Omigosh Silvie - I thought Matress went to live with you - are you telling me he is just out wandering the world, alone?

Masasa said...

No. This is where it gets a little weird. One of them, and I think it was probably matress, got shot to death on Christmas one year. I know that sounds so, so, so super bizarre. But I distinctly remember that this was the begining of the slow fading away of my imaginary friends. It was the only violence that ever came into our little imaginary world, and I have NO IDEA what prompted it (maybe it was that time in Corvallis when that guy and his girlfriend from across the street got into a fight and he threatened her with a gun...maybe I was processing that).

seppie said...

Sarah and I love to watch the boys walk around in her yard with sticks, talking to themselves. It brings back fond memories of when we were kids. And I'm a little sad because Sebastian did have an imaginary friend, but none of us can remember his name now. Just that he could do everything Dante could better than Dante could do it. Do you remember when you used to line up chairs in the basement of our house on Oxford to teach classes?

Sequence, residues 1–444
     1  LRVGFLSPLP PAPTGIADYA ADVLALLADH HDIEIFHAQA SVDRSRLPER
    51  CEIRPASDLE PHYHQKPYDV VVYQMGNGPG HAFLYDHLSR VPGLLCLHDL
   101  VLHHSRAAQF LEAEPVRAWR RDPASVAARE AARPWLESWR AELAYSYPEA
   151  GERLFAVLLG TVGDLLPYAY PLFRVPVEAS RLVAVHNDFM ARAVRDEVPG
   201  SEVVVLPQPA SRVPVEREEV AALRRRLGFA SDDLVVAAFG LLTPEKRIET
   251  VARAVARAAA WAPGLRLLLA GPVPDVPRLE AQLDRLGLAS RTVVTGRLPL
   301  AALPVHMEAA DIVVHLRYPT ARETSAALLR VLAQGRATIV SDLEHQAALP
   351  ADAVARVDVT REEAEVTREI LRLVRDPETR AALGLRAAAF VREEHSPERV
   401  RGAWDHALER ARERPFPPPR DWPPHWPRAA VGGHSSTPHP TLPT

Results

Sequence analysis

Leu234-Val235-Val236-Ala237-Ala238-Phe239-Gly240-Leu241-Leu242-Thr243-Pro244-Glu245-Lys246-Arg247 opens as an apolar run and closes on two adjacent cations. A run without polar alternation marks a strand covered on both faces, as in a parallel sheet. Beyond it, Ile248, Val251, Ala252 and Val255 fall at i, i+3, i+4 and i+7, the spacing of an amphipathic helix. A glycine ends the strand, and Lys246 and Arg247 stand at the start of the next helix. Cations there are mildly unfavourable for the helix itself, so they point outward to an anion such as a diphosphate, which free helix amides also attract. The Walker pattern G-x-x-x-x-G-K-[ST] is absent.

Masasa said...

Yes, I remember lining up the chairs. I also remember at the Mountain Center (dance classes, for those not family), something about the wall in the stall at the bathroom reminded me of a chalkboard/easel. Whenever I went to the bathroom, I would always pretend I was a teacher. I would sit on the toilet talking to myself and pointing at the wall of the stall, showing my imaginary class grafts and charts and stuff. Usually, I would pretend I was a professor at a college, teaching teachers how to teach. Once or twice, El sent someone in after me because I was taking too long in the bathroom. I know Cor heard me talking to myself in there on occassion and I am sure it was embarrassing for her.